Last night and early this morning, many areas, especially north and west of NYC had quite the icing event. Saturday’s Arctic air was a bit more stubborn to leave than forecast, as only a light southerly flow was not enough to escort it out. However, temperatures aloft were able to warm more easily, since wind flow above the ground is stronger. This means that precipitation would melt when it hit the warm air aloft (into rain) but then freeze when it hit the colder ground, giving a lot of the area freezing rain. We are starting to see a transition to plain rain in Westchester county and other immediate NYC suburbs, but most other further north and west suburbs could continue to have ice until around noon or slightly longer. Even as we write this, it is in the 40s in most of Long Island, but only 30 degrees in Danbury airport.
In its wake will be heavy rain for this afternoon. The rain is mostly light across the area, but should become moderate around 11:00am, and will get heavier after 1:00pm. The heaviest rains for our area will be between 2:00pm and 6:00pm, particularly between 3:00pm and 5:00pm, before ending between 8:00pm and 9:00pm. For further east suburbs like Suffolk county, you can push these timeframes back an hour or two.
Rainfall amounts generally between 1-2″ are expected, with the heaviest generally along the I-95 corridor and just east of the I-95 corridor. It is possible that localized heavier banding of rain could give some areas over 2″ of rain, and/or some flash-flooding, but the fast movement of the system should prevent widespread flooding.
Further support for heavy downpours comes from a map we don’t often use during the winter: a map of precipitable water. We usually use this feature during the warm season, since warm airmasses can hold more moisture. This airmass isn’t even that warm for winter standards, but it is somewhat warm and very moist.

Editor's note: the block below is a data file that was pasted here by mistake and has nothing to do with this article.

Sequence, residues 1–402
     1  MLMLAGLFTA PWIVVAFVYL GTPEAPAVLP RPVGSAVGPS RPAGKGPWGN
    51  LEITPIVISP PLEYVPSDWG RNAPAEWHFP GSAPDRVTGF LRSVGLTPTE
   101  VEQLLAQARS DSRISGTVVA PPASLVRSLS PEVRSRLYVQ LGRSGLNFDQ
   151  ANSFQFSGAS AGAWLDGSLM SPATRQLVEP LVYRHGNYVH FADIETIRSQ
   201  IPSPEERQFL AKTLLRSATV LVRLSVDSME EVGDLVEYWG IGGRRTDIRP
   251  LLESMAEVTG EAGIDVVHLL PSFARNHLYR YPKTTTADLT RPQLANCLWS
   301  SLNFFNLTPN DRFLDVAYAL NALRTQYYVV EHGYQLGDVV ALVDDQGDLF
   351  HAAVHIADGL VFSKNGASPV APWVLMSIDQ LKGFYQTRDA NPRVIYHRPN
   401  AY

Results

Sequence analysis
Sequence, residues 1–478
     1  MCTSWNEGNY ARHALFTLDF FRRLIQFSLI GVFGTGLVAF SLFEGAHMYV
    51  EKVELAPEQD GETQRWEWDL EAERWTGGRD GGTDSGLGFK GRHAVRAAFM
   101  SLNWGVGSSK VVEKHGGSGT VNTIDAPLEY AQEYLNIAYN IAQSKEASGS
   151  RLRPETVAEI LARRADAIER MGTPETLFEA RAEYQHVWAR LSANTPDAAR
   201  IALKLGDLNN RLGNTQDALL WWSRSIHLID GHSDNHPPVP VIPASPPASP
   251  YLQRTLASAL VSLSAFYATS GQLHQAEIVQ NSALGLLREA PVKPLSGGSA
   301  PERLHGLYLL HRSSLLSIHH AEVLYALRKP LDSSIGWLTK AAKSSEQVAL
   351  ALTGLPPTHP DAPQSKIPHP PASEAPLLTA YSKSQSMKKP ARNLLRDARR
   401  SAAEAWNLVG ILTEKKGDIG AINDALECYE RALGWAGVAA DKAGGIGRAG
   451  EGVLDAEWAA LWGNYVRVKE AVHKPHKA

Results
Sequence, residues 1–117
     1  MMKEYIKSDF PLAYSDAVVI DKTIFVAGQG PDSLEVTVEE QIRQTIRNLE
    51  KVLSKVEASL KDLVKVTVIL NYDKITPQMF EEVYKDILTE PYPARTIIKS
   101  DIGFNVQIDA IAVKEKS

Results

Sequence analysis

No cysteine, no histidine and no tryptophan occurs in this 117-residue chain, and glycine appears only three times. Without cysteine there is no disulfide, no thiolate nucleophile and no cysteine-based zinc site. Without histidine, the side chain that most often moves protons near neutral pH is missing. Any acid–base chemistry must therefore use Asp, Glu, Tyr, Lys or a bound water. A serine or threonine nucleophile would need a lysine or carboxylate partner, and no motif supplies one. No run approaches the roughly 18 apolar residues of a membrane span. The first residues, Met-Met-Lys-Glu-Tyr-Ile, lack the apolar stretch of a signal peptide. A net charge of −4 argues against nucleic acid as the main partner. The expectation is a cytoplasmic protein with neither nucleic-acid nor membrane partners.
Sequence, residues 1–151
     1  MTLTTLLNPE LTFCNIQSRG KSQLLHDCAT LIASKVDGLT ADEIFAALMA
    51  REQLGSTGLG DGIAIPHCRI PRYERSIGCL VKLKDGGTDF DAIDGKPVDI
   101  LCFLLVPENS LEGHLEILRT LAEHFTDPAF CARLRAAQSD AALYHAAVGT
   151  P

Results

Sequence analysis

Precipitable water is essentially the amount of water that would result at the ground if the atmosphere in its current state were “squeezed” like a towel. Amounts are approaching 1″, which is high for this time of year, and even some surface-based CAPE (instability) is present to our south over the Atlantic Ocean. This means that even some convective heavy downpours and thunderstorms could develop offshore. They would weaken before they got here and probably not result in any thunderstorms given our stable atmosphere, but they could still get here as heavy downpours which could create flash-flooding issues this afternoon.
After the rain clears this evening, winds will shift to westerly and bring in a chilly, but not that cold of an airmass. During the day, temperatures will rise to around 40 in most spots, and 40s from NYC and east (warmer the further east you go), but should generally fall back to the low 30s in most locales tonight. We do think urban locations will remain above freezing, but most suburbs — particularly north and west of NYC — do have the risk of standing water freezing, which could make Monday morning’s commute a bit difficult.
High temperatures on Monday will be in the upper 30s to low 40s with breezy conditions: around average for this time of year.